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15 Νοε 2013 (πριν από 3 χρόνια και 11 μήνες)

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Vivek Kumar

L01, Dr. Steve Kenney and Dr. Whit Smith

Team Maglev

Technical Analysis of
Halbach Arrays
for use in Maglev T
rains


I
ntroduction




A

m
agnetic levitation

(Maglev)

train
is

a type of railway transport which
offers

advantages over existing ele
ctric and fuel powered trains

in the form

of higher speeds,
little friction except for aerodynamic drag,
low energy consumption, as well as negligible
air and noise pollution [1]. There are two existent technologies of Maglev trains, Electro
-
Magnetic Suspe
nsion (EMS) and Electro
-
Dynamic Suspension (EDS), which use servo
-
controlled electromagnets and cryogenically cooled superconducting magnets,
respectively [2]. EMS and EDS technologies are used in German Trans Rapid and
Japanese Yamanashi trains respective
ly, operating at speeds of about 500 km/hr. A third
and newer technology uses Halbach arrays for levitation.
Halbach arrays are a
specific
arrangement of permanent magnets
designed to produce a strong magnetic field on one
of
their
side
s

and a near zero ma
gnetic field on the
opposite

side.


Commercial Applications of Halbach Arrays


Halbach arrays find applications in particle accelerators, free electron lasers as well as
Maglev trains where they are used to levitate the train and keep it at a distanc
e from the
rail.
Unlike
the
electromagnets or superconducting magnets

used in EMS and EDS
,
Halbach arrays do not require superconducting coils or stability control feedback circuits.
At the Lawrence Livermore National Laboratory, scientists have developed
a new
Maglev technology using Halbach arrays. The technology, called Inductrack, is more
widely adaptable, simpler in

design and operation and costs 40% less that electric trains.
Also, Inductrack is fail safe and in the event of a power failure, the train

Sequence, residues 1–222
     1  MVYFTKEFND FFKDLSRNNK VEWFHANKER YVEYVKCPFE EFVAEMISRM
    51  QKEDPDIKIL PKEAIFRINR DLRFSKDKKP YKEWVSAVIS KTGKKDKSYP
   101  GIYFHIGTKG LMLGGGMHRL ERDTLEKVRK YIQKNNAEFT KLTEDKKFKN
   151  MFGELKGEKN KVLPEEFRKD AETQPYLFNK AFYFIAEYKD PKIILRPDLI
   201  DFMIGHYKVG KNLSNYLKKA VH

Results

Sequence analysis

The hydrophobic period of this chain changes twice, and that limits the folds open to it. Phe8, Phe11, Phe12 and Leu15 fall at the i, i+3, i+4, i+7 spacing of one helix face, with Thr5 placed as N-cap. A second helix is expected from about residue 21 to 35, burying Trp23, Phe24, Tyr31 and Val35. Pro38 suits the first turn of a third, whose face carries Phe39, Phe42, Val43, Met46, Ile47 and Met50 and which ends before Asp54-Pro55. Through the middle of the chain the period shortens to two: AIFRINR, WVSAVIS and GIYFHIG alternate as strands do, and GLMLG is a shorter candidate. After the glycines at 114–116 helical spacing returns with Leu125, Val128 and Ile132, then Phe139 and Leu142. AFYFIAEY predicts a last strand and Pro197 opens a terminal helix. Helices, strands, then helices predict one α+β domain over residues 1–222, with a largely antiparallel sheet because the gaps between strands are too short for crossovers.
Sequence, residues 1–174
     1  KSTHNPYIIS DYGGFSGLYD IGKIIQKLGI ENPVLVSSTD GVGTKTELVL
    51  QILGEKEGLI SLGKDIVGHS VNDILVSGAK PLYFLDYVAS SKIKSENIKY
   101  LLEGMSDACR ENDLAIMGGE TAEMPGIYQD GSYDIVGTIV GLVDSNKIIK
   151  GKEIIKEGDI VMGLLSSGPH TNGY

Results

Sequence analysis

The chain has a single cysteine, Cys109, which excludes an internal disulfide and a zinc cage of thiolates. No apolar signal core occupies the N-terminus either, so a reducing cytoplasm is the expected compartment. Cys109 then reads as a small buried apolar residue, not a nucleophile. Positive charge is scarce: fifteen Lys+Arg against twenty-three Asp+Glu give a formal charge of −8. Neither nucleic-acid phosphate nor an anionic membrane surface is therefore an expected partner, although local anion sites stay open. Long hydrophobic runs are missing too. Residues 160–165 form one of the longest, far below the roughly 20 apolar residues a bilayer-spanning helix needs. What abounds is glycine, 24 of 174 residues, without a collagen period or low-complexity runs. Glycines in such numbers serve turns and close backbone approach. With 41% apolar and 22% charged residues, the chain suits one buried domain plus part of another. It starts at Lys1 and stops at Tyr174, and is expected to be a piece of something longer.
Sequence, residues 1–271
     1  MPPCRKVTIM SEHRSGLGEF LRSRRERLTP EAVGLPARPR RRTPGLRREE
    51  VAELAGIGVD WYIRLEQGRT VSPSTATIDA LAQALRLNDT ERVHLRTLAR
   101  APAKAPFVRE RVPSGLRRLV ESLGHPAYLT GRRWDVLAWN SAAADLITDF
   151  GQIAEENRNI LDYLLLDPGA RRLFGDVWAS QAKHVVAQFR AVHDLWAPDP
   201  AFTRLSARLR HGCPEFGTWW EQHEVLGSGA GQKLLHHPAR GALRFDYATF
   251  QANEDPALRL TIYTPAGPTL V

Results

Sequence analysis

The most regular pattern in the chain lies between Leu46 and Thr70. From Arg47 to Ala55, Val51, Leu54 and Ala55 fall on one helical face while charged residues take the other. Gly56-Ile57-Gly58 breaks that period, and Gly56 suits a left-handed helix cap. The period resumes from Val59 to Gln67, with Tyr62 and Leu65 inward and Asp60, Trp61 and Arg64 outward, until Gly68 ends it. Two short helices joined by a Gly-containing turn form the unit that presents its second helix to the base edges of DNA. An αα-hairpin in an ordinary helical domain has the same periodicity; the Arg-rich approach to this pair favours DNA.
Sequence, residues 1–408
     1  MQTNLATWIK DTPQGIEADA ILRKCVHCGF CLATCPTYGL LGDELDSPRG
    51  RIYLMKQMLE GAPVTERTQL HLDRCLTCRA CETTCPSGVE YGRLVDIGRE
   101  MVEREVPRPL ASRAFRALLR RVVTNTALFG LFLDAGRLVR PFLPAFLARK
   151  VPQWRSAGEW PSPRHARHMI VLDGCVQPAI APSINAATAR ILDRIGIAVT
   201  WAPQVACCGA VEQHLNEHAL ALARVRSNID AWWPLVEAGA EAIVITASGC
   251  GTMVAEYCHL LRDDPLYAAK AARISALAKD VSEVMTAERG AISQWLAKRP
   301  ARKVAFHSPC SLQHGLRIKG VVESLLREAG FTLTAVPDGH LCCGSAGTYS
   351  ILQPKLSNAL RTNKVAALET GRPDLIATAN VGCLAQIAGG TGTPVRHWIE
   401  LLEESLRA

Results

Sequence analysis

car would
simply slow down and settle on the rail with its auxiliary wheels. Having witnessed the
cost advantages of Inductrack largely because it does not require fuel, NASA awarded a
three year contract to the team to explore the idea of using Halbach a
rrays to launch
rockets into outer space [3].




Underlying Technology


Halbach arrays are designed to produce a strong magnetic field on only one
of their
side
s
, thereby closely representing a monopole.
The magnetic field near the front face of
the a
rray varies sinusoidally with position parallel to the face of the array, and falls off
exponentially with distance away from the front face

[4
]
.
Halbach arrays are mounted on
the underside of a train and run through its entire length.
M
agnetic fields are
produced
from the moving
Halbach arrays on the underneath of the train
inducing
a
current
in
close
-
packed shorted electrical coils

mounted with
in the rail or track, levitatin
g

the train

and stabl
y

centering it between the two rails.



Building Blocks for I
mplementation


The arrays comprise smaller magnetic portions that are each magnetized differently to
produce magnetic fields in different directions

[5]
. Small portions are attached together

to
form arrays

in the shapes of cylinders,
rings

or cuboids f
or varying applications.

Numerous Halbach arrays can be attached together in series and this property is useful in
Maglev trains, often stretching up to a kilometer in length. Even though the
electromagnetic drag associated with Inductrack becomes small at

high speeds, an
auxiliary power source would also be needed to maintain the train's high speed against
aerodynamic drag

[6]
. The amount of power needed depends on the weight of the vehicle
and its maximum speed. There are no software requirements for Magl
ev train
s with
Halbach arrays because

the use of electromagnetic forces allows the train
s

to levita
te and
propel

themselves
.


References

[1]
A. Heller, “A New Approach for Magnetically Levitation Trains


and Rockets
,”

[Online Website
], [cited 2009 Jan

20], Available HTTP:

https://www.llnl.gov/str/Post

.htm
l

[
2]

R. F. Post,
Toward More Efficient Transport: The Inductrack Maglev System
,
Lawrence Livermore National Laboratory, 2005.


[
3
]
L. Tung, R. Post, and J. Martinez
-
Frias, Final Progress Report for t
he NASA
Inductrack Model Rocket Launcher at the Lawrence Livermore National Laboratory,
UCRL
-
ID
-
144455 (2001).

[4] C. Ham, W. Ko and Q.

Han, “Analysis and optimization of a Maglev system based on
the Halbach magnet arrays
,”
Journal of Applied Physics
,

vol.

99, issue 8, 2006

[5] Adept, “Build a Halbach Array”, [Online Website], [cited 2009 Jan 21], Available
HTTP:
http://www.matchrockets.com/ether/halbach.html

[6] Adept, “Halbach Arrays”, [Online Website], [cited 2009 Jan 21], Available HTTP:
http://www.gaus
sboys.com/pages.php?pageid=6